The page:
Press Release 9.25

**FOR IMMEDIATE RELEASE** SEPTEMBER 25, 2014

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NEW REPORT, “A TALE OF TWO SCHOOLS,” REVEALS GROWING DISPARITY IN SCHOOL QUALITY IN NEW YORK

Amid Hundreds of Failing Schools in New York City, Barely 5% of High-Poverty, Majority of-Color Schools Show Progress in Helping Students Succeed

Ahead of Major Parent Rally on October 2nd in NYC, Focus Shifts to Inaction on City & State Level to Expand Access to High Quality Schools

New York, NY – A report released by Families for Excellent Schools Thursday, “A Tale of Two Schools” (attached), reveals that only a handful of high-poverty, majority of-color schools in the city are achieving proficiency for even half of their students on grades 3-8 state English and Math exams. Only 5%, or 46, of majority of-color, Title I schools—schools that federally qualify as “high-poverty”—are delivering a quality education by achieving more than 50% proficiency with their underserved student populations, while nearly twice as many—87—failed nine out of ten students in 2013 while backsliding or failing to improve this rate by even one percentage point in 2014. The small number of successful schools—fully half, or 23, of which are public charter schools—points to a lack of action by city and state leaders to expand access to and create more high-performing schools.

The report, which follows yesterday’s announcement of an October 2nd rally against persistent school failure in New York City, examines pairs of schools serving similar majority of-color, high-poverty student populations within the same community school district that produce dramatically different student achievement results. Of the 925 schools surveyed, only 46 had an average proficiency rate in math and English above 50%, with several showing extraordinarily high proficiency rates even with extremely disadvantaged student populations. However, at the other extreme, 185 of these schools had proficiency rates below 10%.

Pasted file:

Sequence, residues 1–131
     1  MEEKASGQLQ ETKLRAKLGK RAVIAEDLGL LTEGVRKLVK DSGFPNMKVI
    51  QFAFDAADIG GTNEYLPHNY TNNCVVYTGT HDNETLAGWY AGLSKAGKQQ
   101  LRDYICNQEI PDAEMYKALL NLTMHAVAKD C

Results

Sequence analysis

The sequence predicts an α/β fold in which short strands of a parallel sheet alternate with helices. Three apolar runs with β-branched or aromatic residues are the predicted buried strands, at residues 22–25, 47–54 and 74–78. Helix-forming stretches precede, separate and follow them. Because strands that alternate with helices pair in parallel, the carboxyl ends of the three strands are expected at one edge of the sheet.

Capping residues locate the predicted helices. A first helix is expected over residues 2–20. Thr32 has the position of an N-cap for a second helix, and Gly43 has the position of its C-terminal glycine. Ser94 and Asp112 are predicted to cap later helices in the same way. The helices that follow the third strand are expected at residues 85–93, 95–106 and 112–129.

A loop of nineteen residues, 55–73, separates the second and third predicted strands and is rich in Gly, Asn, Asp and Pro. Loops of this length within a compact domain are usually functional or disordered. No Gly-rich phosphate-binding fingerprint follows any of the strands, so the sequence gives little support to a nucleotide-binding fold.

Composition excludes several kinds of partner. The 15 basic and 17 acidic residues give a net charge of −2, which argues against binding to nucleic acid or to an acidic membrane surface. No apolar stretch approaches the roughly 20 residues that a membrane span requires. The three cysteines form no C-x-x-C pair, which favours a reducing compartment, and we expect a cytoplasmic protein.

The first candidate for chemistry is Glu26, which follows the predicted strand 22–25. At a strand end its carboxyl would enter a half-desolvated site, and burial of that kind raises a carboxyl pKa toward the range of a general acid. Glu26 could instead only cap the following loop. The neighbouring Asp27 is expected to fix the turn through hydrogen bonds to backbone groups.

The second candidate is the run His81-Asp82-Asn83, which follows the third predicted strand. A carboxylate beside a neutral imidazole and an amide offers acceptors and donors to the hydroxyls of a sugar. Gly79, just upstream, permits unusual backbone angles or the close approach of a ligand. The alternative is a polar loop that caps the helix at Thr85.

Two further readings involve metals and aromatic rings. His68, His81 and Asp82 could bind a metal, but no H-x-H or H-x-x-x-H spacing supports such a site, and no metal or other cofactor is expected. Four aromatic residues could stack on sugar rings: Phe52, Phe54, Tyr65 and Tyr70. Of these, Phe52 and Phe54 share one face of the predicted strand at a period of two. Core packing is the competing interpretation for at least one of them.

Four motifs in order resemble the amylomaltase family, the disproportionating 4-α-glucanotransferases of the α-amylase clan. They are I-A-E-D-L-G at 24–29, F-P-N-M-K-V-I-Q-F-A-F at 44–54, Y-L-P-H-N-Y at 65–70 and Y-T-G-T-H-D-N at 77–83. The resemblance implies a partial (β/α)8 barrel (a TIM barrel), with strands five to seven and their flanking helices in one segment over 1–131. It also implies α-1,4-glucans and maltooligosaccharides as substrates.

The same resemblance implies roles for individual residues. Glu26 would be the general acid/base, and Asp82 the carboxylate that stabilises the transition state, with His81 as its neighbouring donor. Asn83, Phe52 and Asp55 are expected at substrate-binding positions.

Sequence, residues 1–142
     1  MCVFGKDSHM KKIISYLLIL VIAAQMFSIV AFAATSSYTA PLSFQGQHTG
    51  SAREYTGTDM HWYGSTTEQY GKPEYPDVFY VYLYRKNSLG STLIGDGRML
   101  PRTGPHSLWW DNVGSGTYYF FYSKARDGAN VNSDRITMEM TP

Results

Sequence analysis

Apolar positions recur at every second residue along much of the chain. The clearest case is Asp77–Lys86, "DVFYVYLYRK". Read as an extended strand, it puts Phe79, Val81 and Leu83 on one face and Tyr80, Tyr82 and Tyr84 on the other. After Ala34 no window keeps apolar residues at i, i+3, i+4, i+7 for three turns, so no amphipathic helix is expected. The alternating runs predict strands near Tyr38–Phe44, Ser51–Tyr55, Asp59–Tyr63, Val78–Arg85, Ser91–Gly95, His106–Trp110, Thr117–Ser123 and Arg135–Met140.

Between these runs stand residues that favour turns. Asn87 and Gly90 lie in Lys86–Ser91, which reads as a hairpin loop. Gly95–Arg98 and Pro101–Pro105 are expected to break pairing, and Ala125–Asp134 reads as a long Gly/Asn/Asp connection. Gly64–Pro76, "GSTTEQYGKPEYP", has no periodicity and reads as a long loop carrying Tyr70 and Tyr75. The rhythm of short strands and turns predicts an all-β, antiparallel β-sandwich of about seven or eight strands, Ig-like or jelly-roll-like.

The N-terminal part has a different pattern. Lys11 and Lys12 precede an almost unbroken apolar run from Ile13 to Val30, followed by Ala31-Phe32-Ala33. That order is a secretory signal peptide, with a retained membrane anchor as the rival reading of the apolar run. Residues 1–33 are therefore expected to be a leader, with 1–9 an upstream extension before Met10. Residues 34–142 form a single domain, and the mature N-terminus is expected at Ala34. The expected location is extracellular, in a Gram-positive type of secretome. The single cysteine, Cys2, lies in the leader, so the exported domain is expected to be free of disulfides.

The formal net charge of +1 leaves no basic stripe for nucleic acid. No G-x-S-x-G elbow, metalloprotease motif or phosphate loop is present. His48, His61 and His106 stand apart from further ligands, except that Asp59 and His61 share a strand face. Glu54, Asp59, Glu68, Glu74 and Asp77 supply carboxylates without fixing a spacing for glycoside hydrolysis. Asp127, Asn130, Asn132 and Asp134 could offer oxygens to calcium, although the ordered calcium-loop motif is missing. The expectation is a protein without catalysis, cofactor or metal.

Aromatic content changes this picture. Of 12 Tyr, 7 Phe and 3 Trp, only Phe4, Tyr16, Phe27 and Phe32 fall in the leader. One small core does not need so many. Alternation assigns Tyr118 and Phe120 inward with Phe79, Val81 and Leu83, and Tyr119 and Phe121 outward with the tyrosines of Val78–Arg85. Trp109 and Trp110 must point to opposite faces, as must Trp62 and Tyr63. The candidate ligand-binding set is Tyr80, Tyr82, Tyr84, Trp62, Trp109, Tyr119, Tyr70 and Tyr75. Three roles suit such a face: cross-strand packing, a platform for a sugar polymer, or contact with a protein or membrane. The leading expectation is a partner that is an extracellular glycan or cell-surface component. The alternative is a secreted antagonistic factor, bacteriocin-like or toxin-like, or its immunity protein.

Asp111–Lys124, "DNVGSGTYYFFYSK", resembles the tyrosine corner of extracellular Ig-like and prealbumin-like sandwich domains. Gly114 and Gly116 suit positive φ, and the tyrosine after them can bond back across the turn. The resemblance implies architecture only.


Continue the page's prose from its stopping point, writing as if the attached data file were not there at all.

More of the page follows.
Without bold, urgent action from leaders to hold failing schools accountable and to scale the number of high-quality schools across the city, the education crisis threatens to exacerbate Mayor de Blasio’s “Tale of Two Cities.” This inequity only widens the gulf between our most affluent residents and the numbers of poor students of color who are being denied the education they deserve. Parents are calling on city and state leaders to work urgently to provide a comprehensive, forward-thinking plan to increase the number of successful seats.

“It’s heartbreaking for parents to see their child being denied an education,” said Nicole Pacheco Rosario, parent in Coney Island. “It’s wrong that there are only a few successful schools, and no one is doing much to create more of them.”

“My sister’s daughter is in a great school far from me, but I can’t afford to move ,” says Harlem parent Omar Quintero.  “Why are there so few good schools and so many bad ones where I live? They’re not safe, not clean. You can see no one cares.”

“This report reveals how widespread and deepfailure is in our school system. It’s important that elected leaders act urgently to scale the handful of quality schools,” said Jeremiah Kittredge, CEO of Families for Excellent Schools. “Even in our highest-need neighborhoods, we know what success looks like. We need to create more of these quality schools if we want to have any shot at genuine equality and opportunity in New York.”

Key Statistics:

  • Of the 923 schools that are Title I (high-poverty) eligible, with majority of-color students, and have at least one testing grade, only 46 have an average proficiency rate in English and Math of above 50%. Fully half—23—of these schools are public charter schools.
  • Of schools that are Title I eligible, with majority of-color students, and have at least one testing grade, 185 have an average proficiency rate in English and Math of below 10%.
  • Of the 257 elementary and middle schools where less than 10% of students met academic standards in 2013, 87 failed to improve by even one percentage point in 2014.
  • In 2013, there were nearly 143,000 students trapped in schools where less than 1 in 10 students were proficient in English and Math. (See “Forgotten Fourth” report here.)

Families for Excellent Schools harnesses the power of families to advance policy and political changes that create and sustain excellent schools.

http://www.FamiliesForExcellentSchools.org
On Twitter at: @Fam4ExcSchools

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